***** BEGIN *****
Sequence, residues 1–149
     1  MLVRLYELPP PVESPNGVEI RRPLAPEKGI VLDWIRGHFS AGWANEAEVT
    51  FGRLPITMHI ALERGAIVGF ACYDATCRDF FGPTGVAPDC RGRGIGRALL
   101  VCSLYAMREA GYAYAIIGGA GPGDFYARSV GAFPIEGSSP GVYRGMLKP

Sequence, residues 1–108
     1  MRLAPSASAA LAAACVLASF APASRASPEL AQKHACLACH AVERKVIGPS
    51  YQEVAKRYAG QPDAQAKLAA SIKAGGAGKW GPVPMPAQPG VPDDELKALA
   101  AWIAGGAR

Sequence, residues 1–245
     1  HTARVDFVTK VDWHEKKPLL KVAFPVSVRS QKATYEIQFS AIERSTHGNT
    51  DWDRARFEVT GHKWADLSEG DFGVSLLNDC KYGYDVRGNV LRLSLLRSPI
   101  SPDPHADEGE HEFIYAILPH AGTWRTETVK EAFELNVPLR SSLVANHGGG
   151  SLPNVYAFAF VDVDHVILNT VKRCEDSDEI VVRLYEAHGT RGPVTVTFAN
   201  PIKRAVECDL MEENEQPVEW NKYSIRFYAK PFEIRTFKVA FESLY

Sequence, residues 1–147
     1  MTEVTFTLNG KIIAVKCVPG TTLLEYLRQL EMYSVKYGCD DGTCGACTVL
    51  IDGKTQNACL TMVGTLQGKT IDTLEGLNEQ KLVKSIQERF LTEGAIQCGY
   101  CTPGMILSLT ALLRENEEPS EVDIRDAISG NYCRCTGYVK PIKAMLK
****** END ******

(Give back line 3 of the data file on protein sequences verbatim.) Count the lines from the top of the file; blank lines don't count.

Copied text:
    51  FGRLPITMHI ALERGAIVGF ACYDATCRDF FGPTGVAPDC RGRGIGRALL